• Very strong glucocorticoids: Clobetasol

Accordingly, there are different forms of cortisone administration.

Local application via the skin

Ointments containing cortisone are applied directly to the affected areas of skin and can alleviate rashes. They are also used in the treatment of inflammatory skin diseases such as neurodermatitis, eczema or psoriasis.

Ointments have no effect on skin diseases such as acne, rosacea or skin fungus: they can even worsen the skin changes.

Cortisone injections

Cortisone is injected into the painful area of the body to relieve pain. These are injected in particular for carpal tunnel syndrome, bursitis, inflammatory joint diseases such as rheumatoid arthritis or pain in muscles.

Cortisone sprays

Sprays containing cortisone are either inhaled or sprayed into the nose. They are used for respiratory diseases such as asthma or chronic obstructive pulmonary disease as well as allergic rhinitis or chronic sinusitis.

Cortisone tablets

Cortisone tablets are primarily administered for chronic inflammatory diseases. These include multiple sclerosis, rheumatoid arthritis, intestinal diseases such as Crohn’s disease and ulcerative colitis as well as allergic reactions.

The side effects of cortisone-containing drugs vary depending on the form of administration and can range from relatively harmless to severe.

Cortisone tablets
Side effects of cortisone

Side effects of cortisone

Like any other medication, cortisone also has side effects. The longer the therapy and the higher the dosage, the more varied and stronger they are. The following therefore applies: only take or apply cortisone for as short a time and in as low a dose as possible.

Ideally, a plan should be drawn up at the start of therapy as to when and how the medication is to be discontinued so that the extent of adverse effects remains low and the risk of addiction is minimized.

Side effects of external application of cortisone

When cortisone is applied externally, as is the case with ointments, hair root and pigmentation disorders of the skin can occur or stretch marks can develop. If used incorrectly, the skin can also become thinner.

If cortisone ointments are applied to acne, rosacea or fungal skin infections, the condition may even worsen.


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Side effects of cortisone tablets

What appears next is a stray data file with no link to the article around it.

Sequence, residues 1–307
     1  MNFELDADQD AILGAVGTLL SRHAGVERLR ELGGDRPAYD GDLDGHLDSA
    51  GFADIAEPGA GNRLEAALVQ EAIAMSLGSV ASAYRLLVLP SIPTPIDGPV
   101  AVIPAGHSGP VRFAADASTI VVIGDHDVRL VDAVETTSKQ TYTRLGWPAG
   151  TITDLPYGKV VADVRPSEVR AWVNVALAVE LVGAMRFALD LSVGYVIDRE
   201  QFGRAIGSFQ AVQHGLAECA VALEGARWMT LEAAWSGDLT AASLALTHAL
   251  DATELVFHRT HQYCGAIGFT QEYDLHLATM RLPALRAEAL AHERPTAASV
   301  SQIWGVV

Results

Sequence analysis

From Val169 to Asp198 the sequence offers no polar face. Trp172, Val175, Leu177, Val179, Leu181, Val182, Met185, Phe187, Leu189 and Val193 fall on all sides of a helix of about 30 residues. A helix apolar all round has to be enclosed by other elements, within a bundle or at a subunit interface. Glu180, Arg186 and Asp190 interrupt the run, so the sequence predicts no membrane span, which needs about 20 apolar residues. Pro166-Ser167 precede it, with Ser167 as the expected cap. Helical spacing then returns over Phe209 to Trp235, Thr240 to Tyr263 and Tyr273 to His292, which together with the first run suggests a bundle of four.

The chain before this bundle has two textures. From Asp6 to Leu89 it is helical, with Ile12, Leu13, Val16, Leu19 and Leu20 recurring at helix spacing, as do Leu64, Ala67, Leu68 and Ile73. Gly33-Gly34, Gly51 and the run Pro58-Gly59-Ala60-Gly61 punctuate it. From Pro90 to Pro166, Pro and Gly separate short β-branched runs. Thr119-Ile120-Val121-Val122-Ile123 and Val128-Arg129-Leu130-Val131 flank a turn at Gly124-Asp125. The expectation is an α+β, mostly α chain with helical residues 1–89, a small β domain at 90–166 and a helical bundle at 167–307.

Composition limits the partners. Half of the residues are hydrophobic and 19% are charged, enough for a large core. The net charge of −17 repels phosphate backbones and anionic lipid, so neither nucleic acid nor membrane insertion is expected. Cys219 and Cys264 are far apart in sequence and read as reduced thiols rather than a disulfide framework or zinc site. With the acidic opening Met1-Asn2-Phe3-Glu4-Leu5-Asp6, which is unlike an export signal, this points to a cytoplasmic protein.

Cortisone tablets have the strongest side effects of all cortisone-containing drugs, as they act systemically (= throughout the entire body). The following side effects are possible if the duration of administration is too long and the dosage is too high:

  • Altered blood values: increased blood sugar and cholesterol levels as well as blood pressure, which is associated with an increased risk of thrombosis
  • Sleep disturbances, cravings and changes in mood that can lead to weight gain
  • Osteoporosis: Bone loss
  • Changes to the skin: acne or steroid acne in case of overdose, thinning of the skin, Cushing’s disease (fat deposits on the face, stretch marks)
  • Increased risk of infection
  • Growth disorders in children
  • Stomach ulcers
  • Eye diseases such as cataracts or glaucoma

The intake of cortisone tablets should always be discussed with the doctor treating you and should not be taken indiscriminately.

Secondary diseases/complaints can be detected at an early stage through check-ups that include blood pressure, bone density or blood values.

Long-term use over several months is generally not recommended due to the sometimes serious side effects.

Cortisone and the effect on hormones

Cortisone can change the hormone balance. Taking the glucocorticoid can reduce the body’s own hormone production and even lead to adrenal atrophy.

Abrupt discontinuation of therapy in particular increases the risk of hormonal side effects. It takes some time for the adrenal cortex to produce sufficient hormones (especially cortisol) on its own again.

If the medication is discontinued too quickly, a so-called rebound effect can also occur, which means that the original symptoms of the disease become more pronounced.

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Conclusion: Should I accept the cortisone risks?

Although cortisone can be used to treat a wide range of diseases, it is not effective for all diseases. For example, skin diseases such as acne, rosacea or fungal skin infections can even be worsened by cortisone.

In addition, cortisone can have serious health side effects on the body, which is why cortisone therapies should be a rarity.

It is better to resort to alternative treatment options and only use cortisone in exceptional cases when there is no alternative.